Developers are squeezing in more high-end housing around Baltimore’s revitalized waterfront. A new office tower is rising in Milwaukee that will be the city’s second-tallest. And Chicago boasts a parade of corporations relocating downtown.
As gentrification battles in hot global cities such as New York and San Francisco attract national focus, many more cities would like to spread recent economic gains in their urban core across the city, rather than temper them.
Job gains are concentrated in urban centers, largely to the benefit of downtown-area residents and suburban commuters, leaving many city dwellers with few good options, said Alan Mallach, a senior fellow at the Flint, Mich.-based think tank Center for Community Progress. Mr. Mallach has studied such polarization in former industrial cities including Detroit, St. Louis, Cleveland and Pittsburgh.
PHOTOS: MICHELLE GUSTAFSON FOR THE WALL STREET JOURNAL
Over the past three decades, neighborhoods in urban cores have been growing richer, whiter and better educated, according to a study by Nathaniel Baum-Snow, a University of Toronto associate business economics professor, and Daniel Hartley, a Federal Reserve Bank of Chicago economist.
A study by City Observatory, a Portland, Ore., think tank focused on urban data analysis, found a tripling over the past four decades of urban census tracts where at least 30% of people live in poverty. Its authors, who analyzed a 10-mile radius around the city center in the 51 largest metros, found many more areas shifted into high poverty than experienced economic gains.
Overall, Philadelphia, the nation’s fifth-most-populous city, notched a 14.3% decline in median income from 2000 to 2014 on an inflation-adjusted basis, a drop that exceeded the 10.4% nationwide decrease. The census data analyzed by the Journal showed income gains in Philadelphia over the past 15 years have clustered around flourishing Center City.
For every area of the city that had income growth, more than two other parts posted drops—including swaths of traditionally middle-class Northeast Philadelphia, a 45-square-mile area that reaches to the city line and where more than a quarter of the city’s 1.57 million people live. Philadelphia Mayor Jim Kenney, elected last fall, has said residents’ ZIP Code shouldn’t determine their future.
Baltimore officials recently reached a local hiring and affordable housing agreement with backers of a proposed $5.5 billion development south of downtown led by Under Armour Chief Executive Kevin Plank. Critics want the developer to do more.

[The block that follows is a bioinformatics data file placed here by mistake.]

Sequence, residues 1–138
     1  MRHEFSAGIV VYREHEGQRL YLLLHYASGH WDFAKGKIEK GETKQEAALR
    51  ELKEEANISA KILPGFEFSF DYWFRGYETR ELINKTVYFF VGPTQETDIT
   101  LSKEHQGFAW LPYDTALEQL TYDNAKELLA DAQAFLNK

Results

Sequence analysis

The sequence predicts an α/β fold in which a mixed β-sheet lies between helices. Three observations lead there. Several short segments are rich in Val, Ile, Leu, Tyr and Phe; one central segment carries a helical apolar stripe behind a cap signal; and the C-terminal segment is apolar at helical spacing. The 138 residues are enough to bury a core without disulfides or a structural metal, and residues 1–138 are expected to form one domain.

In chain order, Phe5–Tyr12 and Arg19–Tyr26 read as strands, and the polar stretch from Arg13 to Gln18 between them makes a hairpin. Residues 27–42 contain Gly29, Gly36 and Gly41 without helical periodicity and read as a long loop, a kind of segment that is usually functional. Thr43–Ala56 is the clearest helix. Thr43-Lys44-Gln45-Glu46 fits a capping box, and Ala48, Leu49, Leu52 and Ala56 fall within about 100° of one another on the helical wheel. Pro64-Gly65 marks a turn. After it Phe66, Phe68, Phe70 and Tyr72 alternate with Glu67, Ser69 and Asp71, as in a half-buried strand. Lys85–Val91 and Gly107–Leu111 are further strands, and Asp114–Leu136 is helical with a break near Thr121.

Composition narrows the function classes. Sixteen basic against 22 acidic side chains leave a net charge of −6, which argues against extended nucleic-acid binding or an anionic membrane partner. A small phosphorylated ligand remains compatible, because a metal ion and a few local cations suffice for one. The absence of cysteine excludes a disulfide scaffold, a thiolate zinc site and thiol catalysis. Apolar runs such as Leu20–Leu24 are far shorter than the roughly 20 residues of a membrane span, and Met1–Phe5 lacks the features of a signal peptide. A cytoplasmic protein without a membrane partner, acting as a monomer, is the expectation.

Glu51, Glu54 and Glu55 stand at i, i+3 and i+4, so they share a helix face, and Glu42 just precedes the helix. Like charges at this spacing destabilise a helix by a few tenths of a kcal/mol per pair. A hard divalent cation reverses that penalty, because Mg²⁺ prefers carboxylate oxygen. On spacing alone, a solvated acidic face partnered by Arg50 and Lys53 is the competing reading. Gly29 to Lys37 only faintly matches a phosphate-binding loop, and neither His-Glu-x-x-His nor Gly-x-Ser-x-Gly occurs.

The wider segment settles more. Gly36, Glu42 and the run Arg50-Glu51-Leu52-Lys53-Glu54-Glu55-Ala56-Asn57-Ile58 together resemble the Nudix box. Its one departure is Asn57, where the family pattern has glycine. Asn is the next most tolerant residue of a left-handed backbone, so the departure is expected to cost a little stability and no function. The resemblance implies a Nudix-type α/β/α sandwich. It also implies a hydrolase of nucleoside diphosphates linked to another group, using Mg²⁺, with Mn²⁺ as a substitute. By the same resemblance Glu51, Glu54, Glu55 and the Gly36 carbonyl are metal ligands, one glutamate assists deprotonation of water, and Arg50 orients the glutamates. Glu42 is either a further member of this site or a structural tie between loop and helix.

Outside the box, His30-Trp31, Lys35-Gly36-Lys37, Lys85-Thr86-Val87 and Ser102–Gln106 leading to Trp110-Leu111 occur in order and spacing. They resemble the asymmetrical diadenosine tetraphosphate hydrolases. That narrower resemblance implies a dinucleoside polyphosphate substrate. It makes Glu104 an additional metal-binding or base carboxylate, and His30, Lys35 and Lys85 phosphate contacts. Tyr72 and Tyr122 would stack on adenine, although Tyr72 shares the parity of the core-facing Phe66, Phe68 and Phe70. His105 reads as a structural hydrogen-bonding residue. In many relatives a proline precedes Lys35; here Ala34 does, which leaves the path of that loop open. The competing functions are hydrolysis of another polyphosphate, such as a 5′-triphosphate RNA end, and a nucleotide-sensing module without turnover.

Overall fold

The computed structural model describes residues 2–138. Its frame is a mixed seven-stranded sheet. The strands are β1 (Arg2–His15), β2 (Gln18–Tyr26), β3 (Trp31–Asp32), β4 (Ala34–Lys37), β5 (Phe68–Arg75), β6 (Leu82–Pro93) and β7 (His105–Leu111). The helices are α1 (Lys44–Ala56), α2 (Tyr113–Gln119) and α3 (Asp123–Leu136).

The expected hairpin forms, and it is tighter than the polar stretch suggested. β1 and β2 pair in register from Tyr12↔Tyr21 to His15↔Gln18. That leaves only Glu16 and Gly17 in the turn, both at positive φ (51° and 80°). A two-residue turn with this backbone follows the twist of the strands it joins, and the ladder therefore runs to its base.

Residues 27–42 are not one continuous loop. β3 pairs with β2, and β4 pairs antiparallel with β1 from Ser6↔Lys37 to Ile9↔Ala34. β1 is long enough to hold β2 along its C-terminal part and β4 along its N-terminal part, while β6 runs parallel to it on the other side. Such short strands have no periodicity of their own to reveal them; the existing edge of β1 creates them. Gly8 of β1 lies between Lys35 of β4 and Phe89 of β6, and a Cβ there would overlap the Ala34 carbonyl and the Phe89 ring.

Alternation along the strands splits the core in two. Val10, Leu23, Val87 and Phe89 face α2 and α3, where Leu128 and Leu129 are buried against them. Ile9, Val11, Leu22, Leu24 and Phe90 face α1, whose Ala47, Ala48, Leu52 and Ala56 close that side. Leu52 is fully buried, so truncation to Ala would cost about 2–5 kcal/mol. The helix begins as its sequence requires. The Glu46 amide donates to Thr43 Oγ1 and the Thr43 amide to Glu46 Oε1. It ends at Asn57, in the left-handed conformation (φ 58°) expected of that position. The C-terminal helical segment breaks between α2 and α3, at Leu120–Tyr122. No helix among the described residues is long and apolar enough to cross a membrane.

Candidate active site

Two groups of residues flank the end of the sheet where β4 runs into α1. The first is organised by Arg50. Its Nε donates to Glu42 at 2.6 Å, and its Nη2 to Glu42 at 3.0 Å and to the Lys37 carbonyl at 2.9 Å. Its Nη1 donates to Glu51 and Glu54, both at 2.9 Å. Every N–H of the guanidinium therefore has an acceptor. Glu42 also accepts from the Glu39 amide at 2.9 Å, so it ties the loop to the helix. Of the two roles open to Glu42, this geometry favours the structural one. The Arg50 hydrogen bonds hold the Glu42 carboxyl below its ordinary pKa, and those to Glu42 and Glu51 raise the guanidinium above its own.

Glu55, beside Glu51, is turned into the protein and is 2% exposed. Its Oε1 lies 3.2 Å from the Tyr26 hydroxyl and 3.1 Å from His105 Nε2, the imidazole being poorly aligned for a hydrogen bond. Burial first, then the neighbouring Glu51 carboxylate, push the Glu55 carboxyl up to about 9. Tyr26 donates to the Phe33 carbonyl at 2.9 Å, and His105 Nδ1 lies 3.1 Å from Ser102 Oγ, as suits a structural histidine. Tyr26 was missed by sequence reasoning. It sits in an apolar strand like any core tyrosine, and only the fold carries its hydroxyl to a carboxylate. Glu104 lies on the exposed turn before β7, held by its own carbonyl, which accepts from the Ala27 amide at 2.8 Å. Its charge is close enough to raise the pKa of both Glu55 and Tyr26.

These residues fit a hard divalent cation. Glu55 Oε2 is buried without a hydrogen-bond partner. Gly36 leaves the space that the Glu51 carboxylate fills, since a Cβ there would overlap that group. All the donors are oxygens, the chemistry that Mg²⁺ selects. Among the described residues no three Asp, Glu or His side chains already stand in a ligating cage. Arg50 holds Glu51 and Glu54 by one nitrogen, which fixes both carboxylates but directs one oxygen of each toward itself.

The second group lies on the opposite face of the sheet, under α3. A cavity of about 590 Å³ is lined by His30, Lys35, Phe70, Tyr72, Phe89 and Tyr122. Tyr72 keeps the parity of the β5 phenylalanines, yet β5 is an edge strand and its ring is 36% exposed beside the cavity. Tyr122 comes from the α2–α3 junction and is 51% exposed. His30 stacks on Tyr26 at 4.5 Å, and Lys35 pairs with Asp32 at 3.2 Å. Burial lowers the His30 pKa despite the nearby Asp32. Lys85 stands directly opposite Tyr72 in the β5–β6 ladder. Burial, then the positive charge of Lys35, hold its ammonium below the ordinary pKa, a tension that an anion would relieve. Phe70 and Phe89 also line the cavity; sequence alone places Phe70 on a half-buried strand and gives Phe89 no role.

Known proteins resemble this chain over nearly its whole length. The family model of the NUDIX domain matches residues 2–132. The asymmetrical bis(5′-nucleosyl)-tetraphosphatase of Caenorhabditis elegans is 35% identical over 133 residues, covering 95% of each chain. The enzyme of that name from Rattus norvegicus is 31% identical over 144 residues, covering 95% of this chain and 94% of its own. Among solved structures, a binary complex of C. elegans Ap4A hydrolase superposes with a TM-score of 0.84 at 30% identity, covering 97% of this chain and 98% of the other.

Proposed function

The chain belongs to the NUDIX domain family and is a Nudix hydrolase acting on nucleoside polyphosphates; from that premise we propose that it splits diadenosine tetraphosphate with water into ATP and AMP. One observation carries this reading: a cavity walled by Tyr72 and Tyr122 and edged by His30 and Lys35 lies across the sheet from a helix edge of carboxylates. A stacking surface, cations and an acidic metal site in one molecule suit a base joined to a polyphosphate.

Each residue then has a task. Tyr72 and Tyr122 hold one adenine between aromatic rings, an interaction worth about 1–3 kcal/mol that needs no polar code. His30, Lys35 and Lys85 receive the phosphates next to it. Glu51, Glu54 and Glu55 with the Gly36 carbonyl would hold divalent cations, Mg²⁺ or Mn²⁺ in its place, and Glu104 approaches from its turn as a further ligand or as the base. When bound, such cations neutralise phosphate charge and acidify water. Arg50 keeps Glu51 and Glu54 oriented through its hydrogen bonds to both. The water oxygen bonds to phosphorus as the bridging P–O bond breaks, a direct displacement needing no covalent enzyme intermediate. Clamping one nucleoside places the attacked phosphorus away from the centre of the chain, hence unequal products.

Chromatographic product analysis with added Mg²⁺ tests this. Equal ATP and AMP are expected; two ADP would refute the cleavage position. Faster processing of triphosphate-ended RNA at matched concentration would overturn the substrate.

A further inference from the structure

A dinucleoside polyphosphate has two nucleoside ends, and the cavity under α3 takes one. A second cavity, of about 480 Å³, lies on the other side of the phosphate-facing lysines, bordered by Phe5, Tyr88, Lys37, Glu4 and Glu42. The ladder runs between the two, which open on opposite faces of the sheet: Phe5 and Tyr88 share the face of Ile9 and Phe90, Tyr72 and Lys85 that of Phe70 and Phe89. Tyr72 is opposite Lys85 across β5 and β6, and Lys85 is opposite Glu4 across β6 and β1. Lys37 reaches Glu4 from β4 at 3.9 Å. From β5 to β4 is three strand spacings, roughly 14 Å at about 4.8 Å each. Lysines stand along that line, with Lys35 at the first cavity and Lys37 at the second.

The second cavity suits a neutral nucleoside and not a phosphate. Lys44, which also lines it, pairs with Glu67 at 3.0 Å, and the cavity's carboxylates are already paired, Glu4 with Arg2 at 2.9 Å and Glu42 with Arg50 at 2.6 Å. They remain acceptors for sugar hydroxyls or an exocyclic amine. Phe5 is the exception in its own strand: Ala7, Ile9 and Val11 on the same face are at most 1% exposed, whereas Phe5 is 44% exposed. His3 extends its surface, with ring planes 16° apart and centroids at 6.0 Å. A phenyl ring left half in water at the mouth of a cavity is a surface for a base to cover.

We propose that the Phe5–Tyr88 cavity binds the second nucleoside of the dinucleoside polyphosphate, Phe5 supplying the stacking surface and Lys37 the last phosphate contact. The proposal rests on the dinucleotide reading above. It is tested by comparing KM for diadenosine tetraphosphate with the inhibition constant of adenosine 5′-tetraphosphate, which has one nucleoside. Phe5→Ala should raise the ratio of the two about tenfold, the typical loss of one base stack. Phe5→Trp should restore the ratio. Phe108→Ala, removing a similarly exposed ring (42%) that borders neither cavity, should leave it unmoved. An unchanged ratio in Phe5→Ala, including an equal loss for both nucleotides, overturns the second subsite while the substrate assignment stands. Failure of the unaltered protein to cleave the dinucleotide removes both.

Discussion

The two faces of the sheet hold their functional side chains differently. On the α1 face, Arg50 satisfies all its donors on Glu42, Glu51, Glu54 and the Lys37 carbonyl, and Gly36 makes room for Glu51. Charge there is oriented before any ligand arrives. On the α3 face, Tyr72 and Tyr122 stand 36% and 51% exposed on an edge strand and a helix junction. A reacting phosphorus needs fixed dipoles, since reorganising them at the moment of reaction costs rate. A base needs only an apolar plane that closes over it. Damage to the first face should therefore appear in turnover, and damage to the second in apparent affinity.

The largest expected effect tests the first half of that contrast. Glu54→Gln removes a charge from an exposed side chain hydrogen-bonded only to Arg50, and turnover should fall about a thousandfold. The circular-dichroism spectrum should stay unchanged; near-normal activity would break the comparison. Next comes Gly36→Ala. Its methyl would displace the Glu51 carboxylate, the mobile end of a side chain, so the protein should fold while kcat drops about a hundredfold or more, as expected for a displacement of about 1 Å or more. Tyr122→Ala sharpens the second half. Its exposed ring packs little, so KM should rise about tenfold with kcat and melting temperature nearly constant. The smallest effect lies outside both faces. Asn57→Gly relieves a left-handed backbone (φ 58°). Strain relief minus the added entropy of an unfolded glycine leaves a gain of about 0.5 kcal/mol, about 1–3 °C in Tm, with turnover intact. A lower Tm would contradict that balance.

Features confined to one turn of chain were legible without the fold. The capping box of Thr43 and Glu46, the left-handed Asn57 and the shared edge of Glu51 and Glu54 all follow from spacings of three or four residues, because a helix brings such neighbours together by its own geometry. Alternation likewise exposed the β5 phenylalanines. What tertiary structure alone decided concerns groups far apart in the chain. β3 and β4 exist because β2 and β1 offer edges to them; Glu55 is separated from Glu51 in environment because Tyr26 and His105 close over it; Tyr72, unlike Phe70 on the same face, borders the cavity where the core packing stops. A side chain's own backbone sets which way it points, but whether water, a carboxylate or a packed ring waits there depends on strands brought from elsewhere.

In Milwaukee, where nearly a fifth of the tax base is in 3% of the city’s land area, officials are pushing to send economic ripples beyond downtown. “We can’t have two cities. We can’t have a downtown that is successful and neighborhoods that are not,” said Rocky Marcoux, development commissioner.
There is some fear that growing urban disparities, if left unchecked, could spur more unrest like what shook Baltimore and Ferguson, Mo., in recent years, where anger at police only partly fueled heated protests. “We haven’t had that spark that has created that action, but it could happen at any point in some neighborhoods,” said Beth McConnell, policy director for a group of community development corporations in Philadelphia.
In Lower Northeast Philadelphia, housing prices have dropped 10.2% in the past 10 years—a span that includes the foreclosure crisis—compared with a 6.5% increase citywide, according to Kevin Gillen, a Philadelphia-based senior research fellow at Drexel University’s Lindy Institute for Urban Innovation. A three-bedroom row house on Ms. Lounsbery’s block sold in June for $103,000.
Broadly, Philadelphia’s job mix has changed since 2000. Manufacturing accounts for less than 4% of jobs, down from 7%, and government positions make up 14% of the total, down from 16%, according to the Bureau of Labor Statistics. The largely low-wage hospitality sector accounts for 9.4%, up from 7.7%. Education and health have grown from about 25% of city jobs to about 31%. The professional and business services sector including law firms has edged up as well.